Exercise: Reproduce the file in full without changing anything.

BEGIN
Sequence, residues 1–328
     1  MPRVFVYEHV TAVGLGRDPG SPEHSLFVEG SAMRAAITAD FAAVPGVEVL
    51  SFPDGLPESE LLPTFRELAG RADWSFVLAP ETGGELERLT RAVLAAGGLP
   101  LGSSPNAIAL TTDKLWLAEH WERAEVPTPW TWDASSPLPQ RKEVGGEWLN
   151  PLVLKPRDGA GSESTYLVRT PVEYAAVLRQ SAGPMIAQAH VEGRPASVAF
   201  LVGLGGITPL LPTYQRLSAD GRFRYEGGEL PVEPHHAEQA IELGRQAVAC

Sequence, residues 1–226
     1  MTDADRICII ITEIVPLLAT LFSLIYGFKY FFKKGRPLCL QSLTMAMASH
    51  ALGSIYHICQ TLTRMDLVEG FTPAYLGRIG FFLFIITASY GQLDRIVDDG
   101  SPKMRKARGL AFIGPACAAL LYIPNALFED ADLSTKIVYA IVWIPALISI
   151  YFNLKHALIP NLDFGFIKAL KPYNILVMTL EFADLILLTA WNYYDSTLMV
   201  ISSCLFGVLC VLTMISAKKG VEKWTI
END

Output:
Sequence, residues 1–328
     1  MPRVFVYEHV TAVGLGRDPG SPEHSLFVEG SAMRAAITAD FAAVPGVEVL
    51  SFPDGLPESE LLPTFRELAG RADWSFVLAP ETGGELERLT RAVLAAGGLP
   101  LGSSPNAIAL TTDKLWLAEH WERAEVPTPW TWDASSPLPQ RKEVGGEWLN
   151  PLVLKPRDGA GSESTYLVRT PVEYAAVLRQ SAGPMIAQAH VEGRPASVAF
   201  LVGLGGITPL LPTYQRLSAD GRFRYEGGEL PVEPHHAEQA IELGRQAVAC

Sequence, residues 1–226
     1  MTDADRICII ITEIVPLLAT LFSLIYGFKY FFKKGRPLCL QSLTMAMASH
    51  ALGSIYHICQ TLTRMDLVEG FTPAYLGRIG FFLFIITASY GQLDRIVDDG
   101  SPKMRKARGL AFIGPACAAL LYIPNALFED ADLSTKIVYA IVWIPALISI
   151  YFNLKHALIP NLDFGFIKAL KPYNILVMTL EFADLILLTA WNYYDSTLMV
   201  ISSCLFGVLC VLTMISAKKG VEKWTI